- Posted March 6, 2014 by
No Representation in Alabama
Tuesday, Feb 25, the Alabama House Health Committee passed four anti-abortion bills that would effectively ban abortion after eight weeks and made it harder for women carrying fetuses which would not survive the pregnancy to get abortions. Yet four of the fifteen representatives don’t have email addresses listed on the Health Committee’s website. Those that do have email don’t respond.
That’s right. Four representatives - Laura Hall, April Weaver,Ed Henry, and John Knight didn’t immediately have their email addresses listed. Mary Sue McClurkin, sponsor of House Bill 490, also does not have a listed email address; the link to her website does not work.
I did call their offices and received email addresses, but why did I have to dig for them? I was also told that at least one of those inboxes were full and unlikely to be checked.
I did not receive a response to any of the emails sent to those members with listed addresses.
So if the representatives aren’t checking their inboxes, how can you get your opinions heard? Without easy forms of communication, elected representatives are just politicians - they’re not representing you. While a public hearing was held for these bills so the public could speak, the turnout was surprisingly low.
The four anti-abortion bills were considered in a public hearing Wednesday, Feb 19 at 9 am in Montgomery. The public could travel to the statehouse and voice their opinions. However, the largest number of people speaking on any of the four bills was six.
House Bill 489 had one person speaking in favor and four people speaking against. House Bill 490 had two people speaking in favor, four against. House Bill 493 had one person speak in favor, three against, and House Bill 494 had one person speaking in favor, four against.
These numbers are pretty low. Not even seven people total spoke for any one bill. Not seven out of the thousands of people in each district.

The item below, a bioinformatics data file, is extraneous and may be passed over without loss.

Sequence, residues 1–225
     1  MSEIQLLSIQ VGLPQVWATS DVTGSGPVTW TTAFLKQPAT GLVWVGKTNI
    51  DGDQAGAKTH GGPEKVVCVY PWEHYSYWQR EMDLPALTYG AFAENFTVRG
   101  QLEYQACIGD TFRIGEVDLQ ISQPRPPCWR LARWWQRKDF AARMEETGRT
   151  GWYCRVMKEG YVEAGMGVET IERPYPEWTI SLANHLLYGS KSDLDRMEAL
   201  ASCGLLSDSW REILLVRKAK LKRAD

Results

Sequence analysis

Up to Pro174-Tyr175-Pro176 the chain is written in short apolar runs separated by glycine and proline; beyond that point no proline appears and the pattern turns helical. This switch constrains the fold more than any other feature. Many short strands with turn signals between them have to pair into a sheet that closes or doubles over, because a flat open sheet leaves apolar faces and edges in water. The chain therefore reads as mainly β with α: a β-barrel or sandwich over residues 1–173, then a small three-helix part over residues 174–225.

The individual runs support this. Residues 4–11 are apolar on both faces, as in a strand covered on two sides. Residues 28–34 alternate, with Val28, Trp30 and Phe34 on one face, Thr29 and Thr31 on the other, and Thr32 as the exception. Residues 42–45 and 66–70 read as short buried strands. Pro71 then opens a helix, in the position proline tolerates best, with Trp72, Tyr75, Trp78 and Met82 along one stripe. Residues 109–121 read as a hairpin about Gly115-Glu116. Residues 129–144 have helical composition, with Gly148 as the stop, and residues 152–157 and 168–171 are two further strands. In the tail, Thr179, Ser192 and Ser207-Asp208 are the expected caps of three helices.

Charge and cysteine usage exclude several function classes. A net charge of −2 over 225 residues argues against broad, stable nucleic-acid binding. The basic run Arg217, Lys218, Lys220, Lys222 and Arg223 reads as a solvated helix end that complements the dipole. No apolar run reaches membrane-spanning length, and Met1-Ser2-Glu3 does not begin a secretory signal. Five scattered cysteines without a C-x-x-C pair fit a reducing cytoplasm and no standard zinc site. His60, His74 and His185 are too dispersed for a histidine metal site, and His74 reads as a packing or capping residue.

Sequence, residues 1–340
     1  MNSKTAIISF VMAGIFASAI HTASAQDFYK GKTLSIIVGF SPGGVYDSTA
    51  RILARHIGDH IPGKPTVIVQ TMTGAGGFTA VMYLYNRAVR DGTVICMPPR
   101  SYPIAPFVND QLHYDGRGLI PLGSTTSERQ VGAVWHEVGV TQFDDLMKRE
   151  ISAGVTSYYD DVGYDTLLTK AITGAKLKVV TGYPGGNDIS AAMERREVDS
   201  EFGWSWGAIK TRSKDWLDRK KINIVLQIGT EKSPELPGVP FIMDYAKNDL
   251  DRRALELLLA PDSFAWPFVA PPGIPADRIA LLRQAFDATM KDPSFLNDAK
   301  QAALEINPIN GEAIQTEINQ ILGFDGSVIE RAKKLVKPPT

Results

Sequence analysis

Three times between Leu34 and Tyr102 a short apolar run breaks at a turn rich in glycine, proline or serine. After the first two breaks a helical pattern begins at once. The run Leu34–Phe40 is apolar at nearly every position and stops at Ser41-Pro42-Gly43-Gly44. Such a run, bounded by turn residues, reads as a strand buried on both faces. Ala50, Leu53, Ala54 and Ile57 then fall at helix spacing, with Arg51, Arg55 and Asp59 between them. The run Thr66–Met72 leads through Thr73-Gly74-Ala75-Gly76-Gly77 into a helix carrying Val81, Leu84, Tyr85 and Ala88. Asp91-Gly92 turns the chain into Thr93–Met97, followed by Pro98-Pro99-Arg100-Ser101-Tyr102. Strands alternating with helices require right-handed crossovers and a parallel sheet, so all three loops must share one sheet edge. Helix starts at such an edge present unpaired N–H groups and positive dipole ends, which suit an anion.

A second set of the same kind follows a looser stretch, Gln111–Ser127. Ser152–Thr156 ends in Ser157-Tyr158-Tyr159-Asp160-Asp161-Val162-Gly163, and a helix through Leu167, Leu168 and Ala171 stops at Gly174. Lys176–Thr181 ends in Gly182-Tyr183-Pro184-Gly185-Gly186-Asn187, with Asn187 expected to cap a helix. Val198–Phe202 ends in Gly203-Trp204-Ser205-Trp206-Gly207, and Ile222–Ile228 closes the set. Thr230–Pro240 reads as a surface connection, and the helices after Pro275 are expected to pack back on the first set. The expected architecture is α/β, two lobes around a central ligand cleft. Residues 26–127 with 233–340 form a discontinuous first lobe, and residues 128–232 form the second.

Personally, I would have loved to travel to Montgomery to speak against all four of the bills. But, like many people living in Alabama, I couldn’t get away from class and work on a Wednesday at 9 am.
So if you can’t email or visit, what do you do? To find about how I could voice my opinions in my own district, I called my representatives. There are two, and I got no response from either Greg Burdine or Lynn Greer. At the Statehouse, I was told to call Rep. Burdine’s district for more information, as the House is not in session. But all I got at the district number was a legal secretary’s voice mail. I have not received a call back.
At Rep. Greer’s office, I also got no response. At the Statehouse, the recording told me that this number did not subscribe to the voicemail service. I left a message at his district number but have received no response as of this writing.
All of this adds up to one conclusion: I’m not being represented. My emails and calls have gone largely unanswered. My voice is lost. And now, I’m in danger of losing my most basic rights as a woman.
The story here is more about the lack of accessibility, but the effect is also important. These bills will demolish freedom.
The outright ban of abortion is the most flagrantly unconstitutional attack on freedom I’ve seen in a while. It’s a veritable war on women. But it doesn’t just pose problems for women; there are many more flaws with these four bills, such as the fact that they:
1. Cost taxpayers money. This is because they are unconstitutional. These bills will be challenged by people who do not care to wage war on women. It’s already been done in other states that have passed similar bills. So they will be appealed at taxpayer cost.
2. Ignore legal precedent. These bills go against what higher courts have been ruling on for years. It’s a waste of time.
3. Does not address the societal problems that cause abortion. If lawmakers invested in social welfare programs, brought sexual offenders to justice, and backed comprehensive (not abstinence-only) sex education, we might not have that much of a need for abortions in the first place.
4. The Health Committee did not listen. This is the most important flaw in these bills. The representatives are not making themselves readily available.
And let’s not forget that by excluding the ability to be contacted via email, an important demographic is being left out: young people. I believe that young people would most likely communicate with representatives via email, yet they cannot do so. In the larger scope of things, a basic form of communication is being sealed off for many people, no matter their age.
If you can’t make your voice heard, how you are being represented? How does your opinion make any difference?
There is still time. The four bills must pass through the House floor and Senate before becoming law. If this is an important issue for you, now is the time to make your case before it’s too late. Don’t take no for an answer.
The lesson to be learned here is to vote carefully, choosing representatives who actually do their job, instead of wasting time and money. When midterms come, get to the polls! It may be the only time your opinion makes a difference.